23

22.1

91

28.3

0.763

Anxiety

22

21.2

51

15.8

0.788

Agitation

16

15.4

47

14.6

0.021

Withdrawal

13

12.5

19

5.9

2.367

Loss of energy

13

12.5

37

11.5

0.042

Tension

12

11.5

44

13.7

0.192

Other conduct abnormalities

8

7.7

6

1.9

3.504

Self-confidence

6

5.8

21

6.5

0.040

Sense of guilt

6

5.8

7

2.2

1.620

Irritability

6

5.8

14

4.3

0.223

Other affective alterations

6

5.8

10

3.1

0.819

Loss of appetite or sleep

5

4.8

28

8.7

1.127

Headache

4

3.8

7

2.2

0.427

Self-injurious behaviour

4

3.8

4

1.2

1.352

Hypersensitivity

3

2.9

8

2.5

0.030

Drug abuse

2

1.9

11

3.4

2.650

Memory problems

2

1.9

2

0.6

0.676

Antisocial behaviour

2

1.9

6

1.9

0.000

Expansive / manic mood

1

1.0

0

0

1.000

Loss of libido

0

0

4

1.2

1.200

Obsessive ideas

0

0

2

0.6

0.600

Alcohol abuse

0

0

7

2.2

2.200

Cognitive disturbances

0

0

3

0.9

0.900

Perceptual disturbances

0

0

0

0

-

Disorganized communication

0

0

0

0

-

Unusual thought content

0

0

0

0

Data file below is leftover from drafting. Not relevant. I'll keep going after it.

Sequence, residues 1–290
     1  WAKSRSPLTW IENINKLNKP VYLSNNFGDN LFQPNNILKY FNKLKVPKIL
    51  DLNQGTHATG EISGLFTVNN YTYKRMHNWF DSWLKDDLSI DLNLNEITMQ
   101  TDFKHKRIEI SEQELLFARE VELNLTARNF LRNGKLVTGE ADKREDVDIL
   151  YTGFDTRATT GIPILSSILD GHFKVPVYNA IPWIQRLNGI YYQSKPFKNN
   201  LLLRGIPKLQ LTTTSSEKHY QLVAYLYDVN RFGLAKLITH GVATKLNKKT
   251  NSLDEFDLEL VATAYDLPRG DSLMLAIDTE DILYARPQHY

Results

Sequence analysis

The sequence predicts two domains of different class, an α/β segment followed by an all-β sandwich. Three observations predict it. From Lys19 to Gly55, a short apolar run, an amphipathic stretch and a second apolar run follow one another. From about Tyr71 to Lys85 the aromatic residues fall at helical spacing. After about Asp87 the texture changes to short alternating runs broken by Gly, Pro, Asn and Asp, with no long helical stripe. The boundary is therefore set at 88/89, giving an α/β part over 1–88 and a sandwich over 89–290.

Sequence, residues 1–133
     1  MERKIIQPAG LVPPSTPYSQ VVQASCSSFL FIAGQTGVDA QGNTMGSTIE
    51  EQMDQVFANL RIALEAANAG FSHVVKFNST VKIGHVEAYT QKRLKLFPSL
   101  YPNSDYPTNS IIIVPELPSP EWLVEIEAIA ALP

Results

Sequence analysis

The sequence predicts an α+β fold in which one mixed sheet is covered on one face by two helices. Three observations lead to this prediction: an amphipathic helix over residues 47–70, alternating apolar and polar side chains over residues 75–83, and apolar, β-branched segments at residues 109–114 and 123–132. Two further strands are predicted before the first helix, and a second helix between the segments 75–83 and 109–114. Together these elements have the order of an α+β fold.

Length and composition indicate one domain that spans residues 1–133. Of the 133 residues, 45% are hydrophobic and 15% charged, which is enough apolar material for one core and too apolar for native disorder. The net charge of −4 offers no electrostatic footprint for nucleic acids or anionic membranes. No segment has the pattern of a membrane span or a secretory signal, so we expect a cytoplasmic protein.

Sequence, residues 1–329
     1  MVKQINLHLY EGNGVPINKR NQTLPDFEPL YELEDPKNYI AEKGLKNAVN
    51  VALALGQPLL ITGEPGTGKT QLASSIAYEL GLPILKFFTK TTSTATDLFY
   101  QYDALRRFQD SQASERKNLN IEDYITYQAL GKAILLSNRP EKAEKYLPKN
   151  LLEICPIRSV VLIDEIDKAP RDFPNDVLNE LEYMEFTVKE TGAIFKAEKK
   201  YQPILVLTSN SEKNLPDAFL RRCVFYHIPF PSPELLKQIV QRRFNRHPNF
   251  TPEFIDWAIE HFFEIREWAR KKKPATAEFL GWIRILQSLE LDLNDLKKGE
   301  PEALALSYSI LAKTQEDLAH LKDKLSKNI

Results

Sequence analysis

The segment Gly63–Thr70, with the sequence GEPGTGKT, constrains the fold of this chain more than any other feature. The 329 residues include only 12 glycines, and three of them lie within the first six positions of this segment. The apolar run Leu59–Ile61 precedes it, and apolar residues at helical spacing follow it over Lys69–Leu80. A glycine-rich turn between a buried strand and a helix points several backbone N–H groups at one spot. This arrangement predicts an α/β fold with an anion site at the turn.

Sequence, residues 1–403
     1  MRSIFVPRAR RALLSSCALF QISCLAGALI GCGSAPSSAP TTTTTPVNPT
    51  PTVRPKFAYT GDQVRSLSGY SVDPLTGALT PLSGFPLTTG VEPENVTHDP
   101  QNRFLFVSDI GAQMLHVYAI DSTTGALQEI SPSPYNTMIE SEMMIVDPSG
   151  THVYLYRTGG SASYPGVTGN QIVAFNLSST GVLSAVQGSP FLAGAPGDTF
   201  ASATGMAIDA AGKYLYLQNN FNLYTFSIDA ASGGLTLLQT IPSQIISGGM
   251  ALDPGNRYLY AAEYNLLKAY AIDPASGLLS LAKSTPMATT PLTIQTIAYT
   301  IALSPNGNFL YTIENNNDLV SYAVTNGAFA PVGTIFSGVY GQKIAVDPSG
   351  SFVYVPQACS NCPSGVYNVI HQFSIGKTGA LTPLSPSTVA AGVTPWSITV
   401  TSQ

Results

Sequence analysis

-

Ideas of reference

0

0

0

0

-

Persecutory ideas / suspiciousness

0

0

0

0

-

Perceptual abnormalities

0

0

0

0

-

Odd behaviour

0

0

0

0

-

Hallucinations

0

0

0

0

-

Delusions

0

0

0

0

-

a related to number of help-seeking contacts

b critical ²(1) for p<0.05 is >3.842

4. Effects of presence of attenuated psychotic symptoms (supplementary Table S4)



Supplementary Table S4. Effects of presence of attenuated psychotic symptoms (n=159), Attenuated Psychosis Syndrome (n=4) and Attenuated Psychosis Syndrome-Revised (n=32) on sociodemographic and clinical variables




Attenuated psychotic symptoms
(lifetime) (1)

Attenuated Psychosis Syndrome (2)

Attenuated Psychosis Syndrome-Revised (3)

Effect sizes
1 vs. 2d

Effect sizes

2 vs. 3d






Yes

(n=159)


No

(n=1,070)



²(df), U,
effect size

Yes

(n=4)


No

(n=1,225)



²(df), U,
effect size

Yes

(n=32)


No

(n=1,197)



²(df), U,
effect size

²(1)

²(1)

Age; median (range)

32
(16-40)

32
(16-40)

U=83420.5 p=0.775, r=0.008a

21
(19-39)

32
(16-40)

U=1700.0 p=0.290, r=0.030a

36
(19-40)

32
(16-40)

U=13232.0 p=0.003, r=0.085a

0.008

0.665

Age ranges; n (%)